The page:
Transparency International’s Global Corruption Barometer is the largest world-wide public opinion survey on corruption. It addresses people’s direct experiences with bribery and details their views on corruption in the main institutions in their countries. Significantly, the Barometer also provides insights into how willing and ready people are to act to stop corruption.
The Global Corruption Barometer asks for people’s views on corruption in their country generally, and in which institutions the problem of corruption is most severe. It also provides a measure of people’s experience of bribery across 8 different services. The survey asks people how effective they think the government has been in stopping corruption and also probes their willingness to get involved personally in the fight against corruption.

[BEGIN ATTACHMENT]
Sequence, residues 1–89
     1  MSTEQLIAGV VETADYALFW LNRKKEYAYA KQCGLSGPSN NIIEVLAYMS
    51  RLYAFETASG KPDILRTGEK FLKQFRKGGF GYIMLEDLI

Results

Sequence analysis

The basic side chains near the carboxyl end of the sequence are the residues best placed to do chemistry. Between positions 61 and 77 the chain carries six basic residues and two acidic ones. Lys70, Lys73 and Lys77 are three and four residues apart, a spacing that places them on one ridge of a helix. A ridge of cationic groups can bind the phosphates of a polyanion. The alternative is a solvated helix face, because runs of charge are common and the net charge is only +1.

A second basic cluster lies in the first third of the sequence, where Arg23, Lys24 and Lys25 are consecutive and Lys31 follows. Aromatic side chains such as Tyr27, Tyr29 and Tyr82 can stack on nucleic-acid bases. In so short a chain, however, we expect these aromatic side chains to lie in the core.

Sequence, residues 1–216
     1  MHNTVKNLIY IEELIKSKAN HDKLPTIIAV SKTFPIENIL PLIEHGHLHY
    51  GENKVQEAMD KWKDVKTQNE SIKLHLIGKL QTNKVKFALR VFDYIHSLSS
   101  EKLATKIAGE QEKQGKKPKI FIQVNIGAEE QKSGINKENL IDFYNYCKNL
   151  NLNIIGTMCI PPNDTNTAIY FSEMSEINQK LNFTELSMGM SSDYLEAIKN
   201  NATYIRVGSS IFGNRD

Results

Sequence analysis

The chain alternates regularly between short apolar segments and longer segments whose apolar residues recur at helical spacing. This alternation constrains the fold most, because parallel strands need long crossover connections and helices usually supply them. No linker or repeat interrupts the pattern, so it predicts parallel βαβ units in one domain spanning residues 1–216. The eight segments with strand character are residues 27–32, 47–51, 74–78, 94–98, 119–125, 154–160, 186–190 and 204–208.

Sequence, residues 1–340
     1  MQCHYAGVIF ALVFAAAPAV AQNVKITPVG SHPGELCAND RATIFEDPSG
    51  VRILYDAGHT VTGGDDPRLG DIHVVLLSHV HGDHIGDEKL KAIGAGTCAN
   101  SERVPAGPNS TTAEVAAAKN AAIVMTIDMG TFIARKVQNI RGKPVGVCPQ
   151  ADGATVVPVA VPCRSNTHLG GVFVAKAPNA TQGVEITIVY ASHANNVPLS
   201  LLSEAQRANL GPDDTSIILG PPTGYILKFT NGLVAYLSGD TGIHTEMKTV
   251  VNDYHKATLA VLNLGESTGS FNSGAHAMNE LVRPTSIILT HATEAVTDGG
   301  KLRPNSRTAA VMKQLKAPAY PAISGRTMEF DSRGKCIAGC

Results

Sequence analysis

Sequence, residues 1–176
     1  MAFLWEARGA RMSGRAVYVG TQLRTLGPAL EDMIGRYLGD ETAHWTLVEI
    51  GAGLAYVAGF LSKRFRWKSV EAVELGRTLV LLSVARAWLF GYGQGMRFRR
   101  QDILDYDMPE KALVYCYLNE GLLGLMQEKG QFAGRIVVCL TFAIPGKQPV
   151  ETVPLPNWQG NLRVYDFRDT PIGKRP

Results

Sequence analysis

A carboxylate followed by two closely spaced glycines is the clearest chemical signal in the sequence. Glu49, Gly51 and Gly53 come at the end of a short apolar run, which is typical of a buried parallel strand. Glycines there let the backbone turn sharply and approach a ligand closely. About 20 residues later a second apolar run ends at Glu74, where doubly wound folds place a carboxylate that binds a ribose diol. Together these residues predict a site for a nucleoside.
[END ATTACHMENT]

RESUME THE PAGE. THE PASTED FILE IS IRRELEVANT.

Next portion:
The survey identifies public institutions and services that are seen as corrupt and where bribes are most frequently paid by citizens. It provides a better understanding of the political climate in a country and the strength of national institutions. This enables anti-corruption policies and programmes to effectively target the most at risk services and institutions in a country.
The Global Corruption Barometer provides views of people in a country with respect to this important issue. The data can be used to raise awareness about the impact of corruption on people in their every day lives. It can also be used to mobilise people to get involved in stopping corruption, by demonstrating popular willingness to engage personally by reporting incidences of corruption for example.
The survey can also be used for research purposes to explore determinants and consequences of corruption and bribery in a wide range of countries. It offers both a breadth of country coverage and valuable time series data for a number of important questions.
Please see more details and the most recent results from the GCB at the Tranpsarency International website.